UDC Law’s Katherine Broderick Named 2020 Marshall Award Winner

By John Murph

March 31, 2020

The D.C. Bar has named Katherine Shelley Broderick, a professor at the University of the District of Columbia (UDC) David A. Clarke School of Law, as the recipient of its 2020 Thurgood Marshall Award. The award honors D.C. Bar members who have exhibited a tremendous commitment and initiative in pursuing equal justice and opportunity for all Americans. 

FINALBroderick-nomination-materials[1]“Thurgood Marshall is my legal hero, the Zeus in my pantheon of legal gods and goddesses,” Broderick says. “An honor in his name — and from the D.C. Bar, of which I have proudly been a member for 42 years — means the world to me.” 

Broderick led UDC Law between August 1998 and June 2018, starting as interim dean. She began her academic career at the law school in 1979 as a faculty member, then as clinical director and associate dean. During her 20 years as dean, UDC Law secured the highest level of American Bar Association accreditation. Broderick also supervised the law school’s nine legal clinics that serve the needs of thousands of low-income D.C. residents. 

 Among her many other professional accomplishments, Broderick is a founder of the D.C. Consortium of Legal Services Providers, which aims to expand and improve the delivery of legal services to the District’s underserved population. She also chairs the District Task Force on Jails & Justice, established to reinvent the local corrections system to ensure jail time is only one part of an equitable criminal justice system. She has served on the boards of numerous organizations, including the American Civil Liberties Union of the Nation's Capital and DC Appleseed Center for Law & Justice.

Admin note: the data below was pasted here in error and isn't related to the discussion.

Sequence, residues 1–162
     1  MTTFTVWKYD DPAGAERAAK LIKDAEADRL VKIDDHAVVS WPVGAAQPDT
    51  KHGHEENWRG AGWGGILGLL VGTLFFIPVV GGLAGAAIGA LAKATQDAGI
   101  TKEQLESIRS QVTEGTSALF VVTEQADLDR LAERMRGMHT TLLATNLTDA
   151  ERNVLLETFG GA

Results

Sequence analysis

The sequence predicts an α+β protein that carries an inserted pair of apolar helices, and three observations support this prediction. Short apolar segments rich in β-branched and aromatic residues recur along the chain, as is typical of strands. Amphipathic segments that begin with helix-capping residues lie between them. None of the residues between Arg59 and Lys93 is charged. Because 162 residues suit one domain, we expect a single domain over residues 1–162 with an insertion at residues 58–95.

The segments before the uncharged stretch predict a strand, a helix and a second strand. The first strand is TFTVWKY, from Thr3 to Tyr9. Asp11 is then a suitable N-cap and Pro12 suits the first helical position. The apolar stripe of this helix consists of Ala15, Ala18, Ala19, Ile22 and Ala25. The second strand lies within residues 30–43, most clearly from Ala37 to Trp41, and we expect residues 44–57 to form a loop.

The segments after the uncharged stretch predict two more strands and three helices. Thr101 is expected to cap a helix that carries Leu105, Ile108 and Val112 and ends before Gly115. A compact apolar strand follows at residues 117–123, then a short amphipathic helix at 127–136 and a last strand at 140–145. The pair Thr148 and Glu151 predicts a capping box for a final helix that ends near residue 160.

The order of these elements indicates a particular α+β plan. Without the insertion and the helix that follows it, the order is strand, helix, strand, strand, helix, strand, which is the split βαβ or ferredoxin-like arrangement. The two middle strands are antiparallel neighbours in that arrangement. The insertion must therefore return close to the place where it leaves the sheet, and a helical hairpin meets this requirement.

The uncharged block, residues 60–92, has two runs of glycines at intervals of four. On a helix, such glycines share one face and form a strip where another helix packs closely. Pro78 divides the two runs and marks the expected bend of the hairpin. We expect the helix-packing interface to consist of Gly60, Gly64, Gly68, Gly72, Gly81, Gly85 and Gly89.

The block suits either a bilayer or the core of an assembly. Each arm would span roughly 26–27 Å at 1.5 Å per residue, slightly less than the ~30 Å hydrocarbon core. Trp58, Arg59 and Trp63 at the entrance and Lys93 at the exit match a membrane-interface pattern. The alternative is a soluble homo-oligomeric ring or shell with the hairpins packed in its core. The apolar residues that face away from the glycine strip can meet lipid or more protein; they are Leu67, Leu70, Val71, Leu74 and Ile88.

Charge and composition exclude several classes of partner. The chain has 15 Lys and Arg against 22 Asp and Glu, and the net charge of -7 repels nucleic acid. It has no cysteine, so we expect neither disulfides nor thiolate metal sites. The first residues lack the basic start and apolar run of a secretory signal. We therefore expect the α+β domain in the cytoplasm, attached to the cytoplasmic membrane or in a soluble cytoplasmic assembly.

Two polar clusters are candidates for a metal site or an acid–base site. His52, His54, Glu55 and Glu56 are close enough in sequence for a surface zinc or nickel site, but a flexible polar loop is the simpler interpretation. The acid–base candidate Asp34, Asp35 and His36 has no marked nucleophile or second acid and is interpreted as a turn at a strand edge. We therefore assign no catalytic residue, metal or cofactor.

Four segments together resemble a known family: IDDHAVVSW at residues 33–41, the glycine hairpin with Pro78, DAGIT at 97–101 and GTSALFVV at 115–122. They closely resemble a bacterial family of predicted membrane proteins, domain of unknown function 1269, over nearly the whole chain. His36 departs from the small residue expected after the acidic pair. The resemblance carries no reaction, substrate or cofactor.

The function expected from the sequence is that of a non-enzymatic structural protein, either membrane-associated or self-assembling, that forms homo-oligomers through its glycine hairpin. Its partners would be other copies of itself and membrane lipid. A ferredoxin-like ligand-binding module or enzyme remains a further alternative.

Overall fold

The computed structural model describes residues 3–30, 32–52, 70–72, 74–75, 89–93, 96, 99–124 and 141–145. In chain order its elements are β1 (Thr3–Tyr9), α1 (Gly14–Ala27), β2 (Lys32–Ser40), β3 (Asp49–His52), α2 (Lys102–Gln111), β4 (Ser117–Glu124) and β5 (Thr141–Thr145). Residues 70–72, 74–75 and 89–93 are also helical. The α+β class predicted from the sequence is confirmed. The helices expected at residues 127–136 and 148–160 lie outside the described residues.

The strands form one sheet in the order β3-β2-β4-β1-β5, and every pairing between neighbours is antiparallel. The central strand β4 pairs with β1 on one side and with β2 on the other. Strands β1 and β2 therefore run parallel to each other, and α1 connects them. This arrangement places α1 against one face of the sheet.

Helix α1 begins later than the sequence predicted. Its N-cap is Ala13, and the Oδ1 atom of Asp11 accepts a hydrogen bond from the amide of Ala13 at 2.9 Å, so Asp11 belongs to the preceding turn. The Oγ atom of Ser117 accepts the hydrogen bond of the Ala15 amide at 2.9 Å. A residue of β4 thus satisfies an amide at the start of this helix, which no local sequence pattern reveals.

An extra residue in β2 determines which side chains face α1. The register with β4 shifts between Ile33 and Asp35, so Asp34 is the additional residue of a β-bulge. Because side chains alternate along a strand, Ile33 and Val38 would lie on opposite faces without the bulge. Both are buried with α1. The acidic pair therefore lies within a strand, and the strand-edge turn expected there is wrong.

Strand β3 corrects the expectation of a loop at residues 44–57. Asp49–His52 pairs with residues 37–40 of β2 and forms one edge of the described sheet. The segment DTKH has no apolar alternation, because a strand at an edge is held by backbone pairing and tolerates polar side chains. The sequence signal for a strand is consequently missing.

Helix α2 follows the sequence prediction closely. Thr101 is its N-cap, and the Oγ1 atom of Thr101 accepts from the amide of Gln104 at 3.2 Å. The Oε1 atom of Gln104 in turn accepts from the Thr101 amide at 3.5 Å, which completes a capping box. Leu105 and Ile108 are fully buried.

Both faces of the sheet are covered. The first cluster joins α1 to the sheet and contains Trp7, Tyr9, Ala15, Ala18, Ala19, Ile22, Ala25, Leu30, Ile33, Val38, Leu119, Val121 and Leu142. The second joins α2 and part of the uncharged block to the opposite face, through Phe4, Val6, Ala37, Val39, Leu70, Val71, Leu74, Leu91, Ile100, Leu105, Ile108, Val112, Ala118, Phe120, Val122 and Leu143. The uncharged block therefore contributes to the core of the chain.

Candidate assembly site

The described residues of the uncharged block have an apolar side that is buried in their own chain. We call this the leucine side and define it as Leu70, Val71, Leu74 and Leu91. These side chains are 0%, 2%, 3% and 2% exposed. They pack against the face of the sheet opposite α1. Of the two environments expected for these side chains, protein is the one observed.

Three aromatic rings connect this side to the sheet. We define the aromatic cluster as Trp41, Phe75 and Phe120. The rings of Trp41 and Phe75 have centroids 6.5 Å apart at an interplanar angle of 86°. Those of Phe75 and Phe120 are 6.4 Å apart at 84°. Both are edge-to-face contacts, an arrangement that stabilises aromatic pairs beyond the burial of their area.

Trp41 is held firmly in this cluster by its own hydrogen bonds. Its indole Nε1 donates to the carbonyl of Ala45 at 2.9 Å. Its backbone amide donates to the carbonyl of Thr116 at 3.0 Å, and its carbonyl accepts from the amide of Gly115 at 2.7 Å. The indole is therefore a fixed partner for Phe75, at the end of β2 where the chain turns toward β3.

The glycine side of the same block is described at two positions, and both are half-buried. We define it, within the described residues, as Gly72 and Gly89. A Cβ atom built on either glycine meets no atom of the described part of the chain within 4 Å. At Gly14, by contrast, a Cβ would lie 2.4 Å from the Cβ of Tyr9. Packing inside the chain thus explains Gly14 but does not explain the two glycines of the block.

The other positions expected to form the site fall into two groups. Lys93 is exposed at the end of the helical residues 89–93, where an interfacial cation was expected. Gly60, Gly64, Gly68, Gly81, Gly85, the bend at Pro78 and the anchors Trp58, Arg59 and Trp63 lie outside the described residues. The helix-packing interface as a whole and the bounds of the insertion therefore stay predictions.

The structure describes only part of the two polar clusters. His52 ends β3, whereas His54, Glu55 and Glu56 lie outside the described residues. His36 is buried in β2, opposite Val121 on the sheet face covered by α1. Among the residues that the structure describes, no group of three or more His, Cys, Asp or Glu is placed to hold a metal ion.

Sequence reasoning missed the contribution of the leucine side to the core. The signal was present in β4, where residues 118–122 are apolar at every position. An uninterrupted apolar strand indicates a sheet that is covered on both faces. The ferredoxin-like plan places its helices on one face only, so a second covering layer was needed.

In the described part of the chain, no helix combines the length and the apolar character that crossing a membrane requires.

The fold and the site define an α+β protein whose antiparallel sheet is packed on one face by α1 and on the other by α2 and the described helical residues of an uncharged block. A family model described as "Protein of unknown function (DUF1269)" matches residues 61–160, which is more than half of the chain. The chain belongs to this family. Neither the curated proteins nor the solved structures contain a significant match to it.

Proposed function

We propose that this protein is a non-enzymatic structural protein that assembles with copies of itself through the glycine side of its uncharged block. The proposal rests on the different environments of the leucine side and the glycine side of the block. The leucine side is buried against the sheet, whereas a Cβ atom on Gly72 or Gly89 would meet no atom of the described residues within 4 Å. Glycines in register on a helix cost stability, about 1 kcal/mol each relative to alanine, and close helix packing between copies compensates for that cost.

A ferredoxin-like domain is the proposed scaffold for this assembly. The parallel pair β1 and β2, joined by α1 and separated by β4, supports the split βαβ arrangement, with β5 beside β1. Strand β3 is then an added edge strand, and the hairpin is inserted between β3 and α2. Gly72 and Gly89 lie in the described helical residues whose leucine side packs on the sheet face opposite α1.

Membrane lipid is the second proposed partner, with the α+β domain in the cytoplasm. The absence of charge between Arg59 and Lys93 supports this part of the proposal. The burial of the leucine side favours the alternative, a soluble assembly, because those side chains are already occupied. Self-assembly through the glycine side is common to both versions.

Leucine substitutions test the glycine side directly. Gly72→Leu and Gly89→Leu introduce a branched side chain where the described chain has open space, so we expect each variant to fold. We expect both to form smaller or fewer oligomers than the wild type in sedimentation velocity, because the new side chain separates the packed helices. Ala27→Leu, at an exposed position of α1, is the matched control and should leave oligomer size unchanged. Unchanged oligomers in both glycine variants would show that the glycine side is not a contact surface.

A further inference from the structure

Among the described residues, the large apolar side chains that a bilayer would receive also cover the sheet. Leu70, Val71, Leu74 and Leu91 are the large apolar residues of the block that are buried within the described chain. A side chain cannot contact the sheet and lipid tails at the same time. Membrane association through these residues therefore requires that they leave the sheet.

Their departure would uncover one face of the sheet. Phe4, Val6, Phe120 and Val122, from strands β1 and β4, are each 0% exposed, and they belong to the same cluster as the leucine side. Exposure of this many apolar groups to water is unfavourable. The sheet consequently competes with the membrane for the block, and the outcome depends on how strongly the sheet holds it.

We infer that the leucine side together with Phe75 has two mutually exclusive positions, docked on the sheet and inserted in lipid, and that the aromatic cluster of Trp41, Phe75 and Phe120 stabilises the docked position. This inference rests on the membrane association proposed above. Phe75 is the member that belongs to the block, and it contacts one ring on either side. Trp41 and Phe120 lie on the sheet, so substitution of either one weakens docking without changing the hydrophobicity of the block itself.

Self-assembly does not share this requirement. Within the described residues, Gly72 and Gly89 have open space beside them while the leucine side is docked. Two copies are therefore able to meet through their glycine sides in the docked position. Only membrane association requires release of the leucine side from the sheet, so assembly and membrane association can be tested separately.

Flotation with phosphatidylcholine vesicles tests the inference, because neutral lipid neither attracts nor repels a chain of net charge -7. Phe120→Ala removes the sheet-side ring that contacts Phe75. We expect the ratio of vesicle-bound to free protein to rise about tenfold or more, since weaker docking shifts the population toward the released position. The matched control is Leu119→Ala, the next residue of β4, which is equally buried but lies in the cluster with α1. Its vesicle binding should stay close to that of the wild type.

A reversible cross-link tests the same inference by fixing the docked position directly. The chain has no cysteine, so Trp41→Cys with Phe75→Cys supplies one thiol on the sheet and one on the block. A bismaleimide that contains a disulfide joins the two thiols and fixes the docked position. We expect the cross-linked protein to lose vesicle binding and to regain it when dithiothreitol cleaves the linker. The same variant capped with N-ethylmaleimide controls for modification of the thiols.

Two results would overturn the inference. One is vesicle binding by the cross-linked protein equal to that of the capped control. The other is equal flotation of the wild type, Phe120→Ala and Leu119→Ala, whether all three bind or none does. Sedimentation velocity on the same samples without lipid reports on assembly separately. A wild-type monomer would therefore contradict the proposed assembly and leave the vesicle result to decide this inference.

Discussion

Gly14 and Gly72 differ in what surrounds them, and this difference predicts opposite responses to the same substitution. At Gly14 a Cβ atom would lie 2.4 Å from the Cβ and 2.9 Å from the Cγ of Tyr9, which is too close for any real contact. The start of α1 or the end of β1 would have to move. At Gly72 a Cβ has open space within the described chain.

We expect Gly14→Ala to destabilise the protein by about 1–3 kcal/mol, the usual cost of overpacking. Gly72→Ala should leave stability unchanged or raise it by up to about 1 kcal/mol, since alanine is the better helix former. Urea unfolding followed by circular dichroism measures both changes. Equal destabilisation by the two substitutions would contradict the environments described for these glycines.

Broderick hosts Sound Advice, a UDC cable TV show that provides information about legal issues that disproportionally affect the District’s most vulnerable residents such as predatory lending, domestic violence, the AIDS crisis, and the city’s abuse and neglect system.  

“Marshall was a strategic genius and a gifted and courageous lawyer who took his talents into the racist Deep South and represented poor and vulnerable people of color who had no hope without him. In so doing he put his life on the line every day,” Broderick says. “While I have spent my career working to expand legal educational opportunities for those underrepresented in the profession and to improve, increase, and coordinate legal services for those who could not otherwise afford them in D.C., I have done my work protected by racial privilege and by a multiracial and multiethnic D.C. legal community that honors and fully supports such efforts.” 

“I have also had the joy of working at UDC Law, a uniquely social justice-driven law school with a merry band of passionate and dedicated poverty lawyers and with extraordinary legal services providers who have changed the legal landscape for the better in our city. Thus, while I am not worthy, I am humbled and deeply honored to receive this award in Thurgood Marshall’s name. I accept it on behalf of the wonderful lawyers with whom I have been privileged to spend my career.” 

Established in 1993, the Thurgood Marshall Award is presented biennially (alternating with the William J. Brennan Jr. Award) to a D.C. Bar member who has demonstrated excellence in and dedication to the field of civil rights and individual liberties.